Greens Challenge Giant Logging Project in Idaho

     MOSCOW, Idaho (CN) – A massive logging project in the Idaho Panhandle will harm thousands of acres of forest, several wildlife species and miles of tributaries of the Salmon River, environmentalists claim in Federal Court.
     The Alliance for the Wild Rockies and Friends of the Clearwater sued the U.S. Forest Service and the Fish and Wildlife Service, challenging a February Record of Decision (ROD) permitting logging and burning in the Nez Perce National Forest in the Idaho Panhandle.
     They claim the ROD failed to properly analyze impacts of the Little Slate Project: logging of 2,598 acres of forest, including 1,211 acres of clear-cutting that will leave only 5 to 10 percent of the forest canopy intact. It also authorizes 600 acres of seed tree cutting that will retain only 10 to 20 percent of the canopy; 377 acres of shelterwood cutting that will leave 20 to 40 percent of the canopy intact, and 410 acres of commercial thinning.
     In addition, the project will involve 515 acres of prescribed burning and excavator piling on 2,084 acres. It will require 12 miles of new road construction, 15 miles of road reconstruction and 63 miles of road maintenance, according to the complaint.
     The environmentalists say the project will affect the Little Slate Creek Watershed and six drainages in it, and two other tributaries to the Salmon River, the longest free-flowing river within one state in the lower 48 states, spanning 425 miles.
     Affected species include several species of trout, the gray wolf, Canada Lynx, Northern goshawk, the fisher, wolverine, pileated woodpecker, Chinook salmon and steelhead.
     “Compounding potential impacts from project activities, Snake River steelhead and Snake River spring/summer Chinook salmon, both ESA (Endangered Species Act) listed threatened species, have designated critical habitat in the project area,” the complaint states. “Slate Creek, including all of the Little Slate Drainage and its tributaries, is designated critical habitat for the Snake River spring/summer Chinook salmon. Designated critical habitat for the Snake River steelhead is located approximately one mile downstream from the project analysis area.”
     The Forest Service failed to mention the Nez Perce and Clearwater National Forests are being administratively combined, the complaint states. The Clearwater Forest is listed as “occupied” by the Canada Lynx, in the Northern Rockies Lynx Management Direction (NRLMD) under the ESA. If both forests are combined, the protection would extend to the Nez Perce Forest, the environmentalists say.
     “If a forest is designated ‘occupied’ for NRLMD purposes, the entire forest holds this status and remains ‘occupied’ indefinitely,” the complaint states. “Thus, if the Clearwater National Forest and the Nez Perce National Forest are combined, the entire Nez Perce-Clearwater Forest will be considered ‘occupied’ under the NRLMD and subject to its management restrictions.”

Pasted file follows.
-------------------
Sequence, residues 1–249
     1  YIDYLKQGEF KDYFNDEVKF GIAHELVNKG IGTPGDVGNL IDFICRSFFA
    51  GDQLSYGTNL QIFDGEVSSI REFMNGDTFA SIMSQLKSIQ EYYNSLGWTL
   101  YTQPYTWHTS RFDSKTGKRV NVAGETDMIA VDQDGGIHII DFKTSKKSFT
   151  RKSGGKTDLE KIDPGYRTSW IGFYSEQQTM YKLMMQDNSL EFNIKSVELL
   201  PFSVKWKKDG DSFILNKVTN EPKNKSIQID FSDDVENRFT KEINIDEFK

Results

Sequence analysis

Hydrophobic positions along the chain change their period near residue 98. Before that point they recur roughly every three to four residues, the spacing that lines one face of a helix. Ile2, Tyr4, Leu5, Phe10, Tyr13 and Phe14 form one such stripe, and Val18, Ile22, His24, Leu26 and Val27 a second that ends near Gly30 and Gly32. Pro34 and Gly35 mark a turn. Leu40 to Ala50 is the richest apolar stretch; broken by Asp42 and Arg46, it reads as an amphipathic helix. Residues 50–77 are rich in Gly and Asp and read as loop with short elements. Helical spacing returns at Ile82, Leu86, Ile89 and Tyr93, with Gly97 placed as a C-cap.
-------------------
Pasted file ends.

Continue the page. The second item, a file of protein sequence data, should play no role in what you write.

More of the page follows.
The groups say the U.S. Fish and Wildlife Service shares the blame for violations of the Endangered Species and National Environmental Policy Acts because the agencies jointly “failed to adequately discuss and analyze the direct, indirect and cumulative impacts of logging and road building on bull trout and its habitat and did not use the best available science in making its determination. The agencies are failing to ensure the survival and recovery of the threatened bull trout.”
     They claim the defendants violated the NEPA by “failing to disclose and misrepresenting the potential need for and compliance with National Pollutant Discharge Elimination System (NPDES) permits as required by the Clean Water Act for point source pollution.”
     They add: “The Forest Service is asking the public to take it at its word that it will do the right thing rather than disclosing that NPDES permits may be needed, disclosing consultation with the appropriate state agency regarding the need for NPDES permits, and explaining how the project will comply with any needed NPDES permits. The Forest Service is evading public scrutiny and involvement in violation of NEPA.”
     The environmentalists want the logging project enjoined for violations of the Administrative Procedures Act, the Endangered Species Act, the National Environmental Policy Act and the Clean Water Act.
     They are represented by Dana Johnson, with the Northern Rockies Justice Center.

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